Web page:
The international campaign to support Osman Kavala’s candidature for the Nobel Peace Prize developed over an extremely brief period of time.
- Nilüfer Göle, is a well-known Turkish sociologist based in Paris. In the last 30 years she has been dealing with the development of the Islamic religion in Europe. Her studies are mainly concentrated on the disputes about the presence of islam in the European public space.
- The first aggravated life sentences for journalists since the failed coup of July 15, 2016 have been handed down in Turkey.
- Before embarking on his European ‘renaissance tour’ Erdoğan had expressed his doctrine rather clearly, stating that, “we must reduce the number of our enemies and increase that of our friends.”
- In the Islamic world’s leadership void, concentrated above all on fratricidal struggles and caught off-guard by Donald Trump’s leap forward – or perhaps having allowed itself to be taken by surprise – Recep Tayyip Erdoğan aims to become the leader.
- When Melih Gökcek was mayor of the Turkish capital of Ankara, Recep Tayyip Erdoğan appeared on the national stage as Istanbul’s highest ranking official. It was 1994 and victory in the nation’s two most important cities achieved by representatives of political Islam, marked a turning point in the balance of power in a country still largely in the hands of secular elites and governed by the army.
- The world is experiencing an overt, cumulative and transversal illiberal trend, linked to appeals to the people, to identities, often to the past, and to demands for closed-door policies and order.
- In November 2014, six months after the Indian general election that resulted in a landslide victory for the National Democratic Alliance and consequently for the BJP’s leader Narendra Modi,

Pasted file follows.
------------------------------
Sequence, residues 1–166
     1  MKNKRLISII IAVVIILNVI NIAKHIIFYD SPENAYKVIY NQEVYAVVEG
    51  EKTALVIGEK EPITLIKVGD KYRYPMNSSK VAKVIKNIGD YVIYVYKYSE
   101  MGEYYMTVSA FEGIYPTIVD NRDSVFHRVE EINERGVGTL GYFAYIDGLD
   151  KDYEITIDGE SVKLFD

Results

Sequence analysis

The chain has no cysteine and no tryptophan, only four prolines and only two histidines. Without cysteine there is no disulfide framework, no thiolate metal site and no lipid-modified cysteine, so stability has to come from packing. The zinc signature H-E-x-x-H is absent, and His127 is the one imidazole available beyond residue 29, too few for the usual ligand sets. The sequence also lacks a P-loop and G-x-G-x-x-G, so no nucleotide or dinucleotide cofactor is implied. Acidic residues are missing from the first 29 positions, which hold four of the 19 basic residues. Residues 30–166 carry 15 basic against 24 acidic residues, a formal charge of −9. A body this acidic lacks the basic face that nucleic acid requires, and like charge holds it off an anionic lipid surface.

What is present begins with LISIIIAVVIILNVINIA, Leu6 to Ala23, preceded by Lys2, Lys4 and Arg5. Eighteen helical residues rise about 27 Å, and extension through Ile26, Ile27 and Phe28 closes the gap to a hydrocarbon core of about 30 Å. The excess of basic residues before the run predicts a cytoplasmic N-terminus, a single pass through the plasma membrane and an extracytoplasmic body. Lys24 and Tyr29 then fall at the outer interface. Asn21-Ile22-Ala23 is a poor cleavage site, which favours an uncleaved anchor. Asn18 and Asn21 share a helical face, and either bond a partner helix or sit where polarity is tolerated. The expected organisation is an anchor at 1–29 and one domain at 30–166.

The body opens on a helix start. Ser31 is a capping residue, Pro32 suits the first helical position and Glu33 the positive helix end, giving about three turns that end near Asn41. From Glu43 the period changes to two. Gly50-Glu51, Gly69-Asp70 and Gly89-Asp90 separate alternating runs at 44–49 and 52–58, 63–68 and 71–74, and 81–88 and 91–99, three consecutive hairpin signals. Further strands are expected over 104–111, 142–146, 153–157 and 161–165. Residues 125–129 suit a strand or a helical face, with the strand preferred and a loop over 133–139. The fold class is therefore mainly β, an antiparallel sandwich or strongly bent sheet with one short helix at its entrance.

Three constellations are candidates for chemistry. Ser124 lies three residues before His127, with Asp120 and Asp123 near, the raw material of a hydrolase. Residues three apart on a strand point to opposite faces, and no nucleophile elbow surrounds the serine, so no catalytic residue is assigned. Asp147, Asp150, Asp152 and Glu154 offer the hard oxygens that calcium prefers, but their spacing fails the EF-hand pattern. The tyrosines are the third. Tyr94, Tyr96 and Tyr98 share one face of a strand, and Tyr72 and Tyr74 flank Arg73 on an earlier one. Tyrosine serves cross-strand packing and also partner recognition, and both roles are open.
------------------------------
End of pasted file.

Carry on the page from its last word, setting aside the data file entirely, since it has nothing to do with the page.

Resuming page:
- On March 18 the European leaders agreed on a plan with Turkey to stem the flow of migrants to Europe, called the EU-Turkey Statement, which is well know by now for its controversy. The deal was presented as the last resort for the EU to address the migration crisis amid growing division among the member states on how to handle it. During the summer of 2015, confrontation among member states grew, as two opposing strategies revealed different visions to address the migration crisis.
- During his visit to Cairo, Erdoğan calmly repeated what he thought about democracy, pluralism of faiths and Islam. “I am a non-secular Muslim,” he said, “but I am the prime minister of a secular state and I say, ‘I hope there will be a secular state in Egypt.’ One must not be afraid of secularism. Egypt will grow in democracy and those called upon to draw up the constitution must understand it must respect all religions, while also keep themselves equidistant from the followers of all religions so that people can live in security.”